X_valid, y_valid = df_valid.drop(['target', 'fold'], axis=1), df_valid.target

this approach apparently may increase the speed of computations, as there is no need to compute folds at every step using complex algorithm, instead all we do is select rows with the current fold. Additionally, this approach makes reproducibility of the result possible, especially if you save the dataset with predefined folds to csv, and so that other people will get the same cross-validation folds.
Another important thing, this approach makes it possible to compute different folds in parallel. This may come in handy, with neural nets used in deep learning.
Here, you can use whichever scoring function you want as well.

  1. Use sklearn.model_selection.cross_val_score function as it was mentioned in the previous answer.

This function is not exactly what you want, because it evaluates a score by cross-validation, while you were asking about ways of cross validation itself. Although I could hardly imagine what you can use cross-validation for apart from evaluating a score. Anyway, let's address pros and cons of this function.
Pros: simple to use, stratification is possible.
Cons: apparently, this is a black-box function, you can't debug it, unless on local machine, even there it is hard to do that. It is slower than second approach for mentioned reasons. And it is restricted to scoring methods listed here, in case you want use different scoring.


In your newly added code, you're slicing the datasets wrong,

train_setosa1 = iris_setosa.iloc[40, :]
test_setosa1 = iris_setosa.iloc[-10, :]

you are selecting only one row for each dataset, I suspect you were trying to slice it so that first 40 rows were included in train_setosa1 and the rest in test_setosa1, here's how you do that,

train_setosa1 = iris_setosa.iloc[:40]
test_setosa1 = iris_setosa.iloc[40:]

But even in this case it is not proper cross-validation, because the whole point of that is using randomness of selection, and usually machines are better at this than people are. Here's equivalent implementation of your code,

iris_species = ["Iris-setosa", "Iris-virginica", "Iris-versicolor"]

kf = StratifiedKFold(n_splits=5, shuffle=True, random_state=43)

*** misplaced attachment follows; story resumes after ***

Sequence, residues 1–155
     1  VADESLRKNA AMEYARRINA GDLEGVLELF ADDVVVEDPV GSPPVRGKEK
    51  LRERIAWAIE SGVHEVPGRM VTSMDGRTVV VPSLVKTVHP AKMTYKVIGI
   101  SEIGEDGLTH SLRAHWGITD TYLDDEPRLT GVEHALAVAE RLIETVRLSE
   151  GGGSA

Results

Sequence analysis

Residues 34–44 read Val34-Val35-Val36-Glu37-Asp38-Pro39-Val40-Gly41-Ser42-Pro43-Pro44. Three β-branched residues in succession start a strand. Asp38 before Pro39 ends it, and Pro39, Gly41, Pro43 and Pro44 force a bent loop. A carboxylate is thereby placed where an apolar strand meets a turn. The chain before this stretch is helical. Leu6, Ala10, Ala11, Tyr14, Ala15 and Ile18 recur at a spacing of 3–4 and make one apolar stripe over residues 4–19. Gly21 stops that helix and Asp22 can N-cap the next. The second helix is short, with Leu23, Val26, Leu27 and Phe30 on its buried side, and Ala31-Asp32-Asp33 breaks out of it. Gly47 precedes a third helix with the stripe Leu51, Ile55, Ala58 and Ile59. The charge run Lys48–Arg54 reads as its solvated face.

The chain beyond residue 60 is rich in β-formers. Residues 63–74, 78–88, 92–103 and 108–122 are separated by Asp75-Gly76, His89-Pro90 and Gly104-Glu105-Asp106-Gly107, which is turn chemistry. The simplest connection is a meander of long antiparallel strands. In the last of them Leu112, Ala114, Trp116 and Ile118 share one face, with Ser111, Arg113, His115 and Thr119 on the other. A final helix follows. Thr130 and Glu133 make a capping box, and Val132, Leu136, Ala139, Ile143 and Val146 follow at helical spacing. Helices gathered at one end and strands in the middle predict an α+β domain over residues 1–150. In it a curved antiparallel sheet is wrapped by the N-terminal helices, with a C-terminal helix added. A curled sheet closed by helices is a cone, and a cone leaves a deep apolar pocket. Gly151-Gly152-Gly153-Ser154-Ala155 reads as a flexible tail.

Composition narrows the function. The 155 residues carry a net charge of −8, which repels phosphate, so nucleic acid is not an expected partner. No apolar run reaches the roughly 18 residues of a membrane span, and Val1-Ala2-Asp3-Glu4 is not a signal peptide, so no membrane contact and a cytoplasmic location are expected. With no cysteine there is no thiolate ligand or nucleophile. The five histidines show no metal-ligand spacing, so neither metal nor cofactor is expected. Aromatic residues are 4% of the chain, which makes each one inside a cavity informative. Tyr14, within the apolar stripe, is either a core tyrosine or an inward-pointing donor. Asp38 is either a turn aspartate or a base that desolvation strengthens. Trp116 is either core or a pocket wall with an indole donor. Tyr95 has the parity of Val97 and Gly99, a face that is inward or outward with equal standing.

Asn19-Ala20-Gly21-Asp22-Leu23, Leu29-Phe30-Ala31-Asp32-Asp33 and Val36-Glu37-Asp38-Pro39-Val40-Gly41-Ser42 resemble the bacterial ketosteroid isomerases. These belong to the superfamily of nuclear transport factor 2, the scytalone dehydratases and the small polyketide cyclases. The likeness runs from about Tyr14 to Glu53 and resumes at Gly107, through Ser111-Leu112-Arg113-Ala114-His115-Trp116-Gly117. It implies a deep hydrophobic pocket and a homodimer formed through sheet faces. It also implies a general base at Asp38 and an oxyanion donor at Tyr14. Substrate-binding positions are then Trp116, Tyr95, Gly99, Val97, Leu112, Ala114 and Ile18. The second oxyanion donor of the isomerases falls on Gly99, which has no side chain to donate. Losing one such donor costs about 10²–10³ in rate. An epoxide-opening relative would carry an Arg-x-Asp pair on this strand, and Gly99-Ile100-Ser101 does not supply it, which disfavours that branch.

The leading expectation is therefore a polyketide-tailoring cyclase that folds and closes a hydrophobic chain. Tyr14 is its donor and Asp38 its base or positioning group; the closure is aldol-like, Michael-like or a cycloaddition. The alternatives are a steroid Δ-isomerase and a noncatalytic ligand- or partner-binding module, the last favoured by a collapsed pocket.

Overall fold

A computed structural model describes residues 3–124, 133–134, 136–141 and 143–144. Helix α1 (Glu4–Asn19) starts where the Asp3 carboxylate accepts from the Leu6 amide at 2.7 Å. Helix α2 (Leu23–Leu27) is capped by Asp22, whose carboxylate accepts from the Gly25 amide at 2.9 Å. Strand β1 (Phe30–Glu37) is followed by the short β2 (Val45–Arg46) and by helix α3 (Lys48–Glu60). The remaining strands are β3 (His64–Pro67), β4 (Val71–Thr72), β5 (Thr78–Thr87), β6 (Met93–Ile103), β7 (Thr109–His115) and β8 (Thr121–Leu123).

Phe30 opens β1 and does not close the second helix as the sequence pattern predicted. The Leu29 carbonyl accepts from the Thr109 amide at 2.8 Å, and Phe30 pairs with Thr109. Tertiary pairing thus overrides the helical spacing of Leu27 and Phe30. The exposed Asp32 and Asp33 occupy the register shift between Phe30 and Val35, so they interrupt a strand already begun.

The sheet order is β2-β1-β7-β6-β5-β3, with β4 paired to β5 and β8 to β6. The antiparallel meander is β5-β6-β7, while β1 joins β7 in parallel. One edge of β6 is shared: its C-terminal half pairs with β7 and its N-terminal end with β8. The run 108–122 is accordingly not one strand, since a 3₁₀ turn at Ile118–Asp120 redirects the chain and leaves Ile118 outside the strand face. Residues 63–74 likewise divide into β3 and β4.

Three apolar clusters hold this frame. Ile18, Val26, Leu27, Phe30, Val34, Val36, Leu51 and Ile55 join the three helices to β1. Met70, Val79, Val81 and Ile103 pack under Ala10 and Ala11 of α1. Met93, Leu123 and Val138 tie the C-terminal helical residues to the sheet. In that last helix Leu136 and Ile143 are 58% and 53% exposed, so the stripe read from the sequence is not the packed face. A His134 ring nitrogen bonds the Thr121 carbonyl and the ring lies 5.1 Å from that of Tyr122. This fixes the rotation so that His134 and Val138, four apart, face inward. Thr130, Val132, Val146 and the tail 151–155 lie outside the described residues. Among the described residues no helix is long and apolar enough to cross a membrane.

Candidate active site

for species in iris_species:
    species_df = data[data["Species"] == species]
    X = species_df.drop('Species', axis=1)
    y = species_df.Species
    for train_idx, valid_idx in kf.split(X, y):
        X_train, X_valid = X.iloc[train_idx], X.iloc[valid_idx]
        y_train, y_valid = y.iloc[train_idx], y.iloc[valid_idx]
        # do whatever it is you want with training and validation data here


  • 1
    $\begingroup$ Thanks! This answer gave a lot of information I can use. Appreciate the time taken for this! $\endgroup$
    – AGX301
    Oct 4, 2021 at 4:30

What is the best way to implement this?

As @rubengavidia0x said, the best way to implement Cross-Validation is with Scikit-Learn. Scikit-Learn handles all of the complexities for you and all you need to do is pass your data and model to the cross_val_score() function.

Following is how to do this -

from sklearn import datasets
from sklearn import svm
from sklearn.model_selection import cross_val_score

# Iris dataset
X, y = datasets.load_iris(return_X_y=True)
print(X.shape, y.shape)

# SVM Classifier
clf = svm.SVC(kernel='linear', C=1, random_state=42)

# The following cross_val_score will carry out 5 fold cross validation and return scores for all 5 experiments
scores = cross_val_score(clf, X, y, cv=5)

print("%0.2f accuracy with a standard deviation of %0.2f" % (scores.mean(), scores.std()))

Following is the output -

(150, 4) (150,)
[0.96666667 1.         0.96666667 0.96666667 1.        ]
0.98 accuracy with a standard deviation of 0.02

References - https://scikit-learn.org/stable/modules/cross_validation.html

  • $\begingroup$ I agree with the implementation for cross validation, however I would like to build the a simpler cross validation from scratch. Check my code for reference. $\endgroup$
    – AGX301
    Sep 24, 2021 at 5:39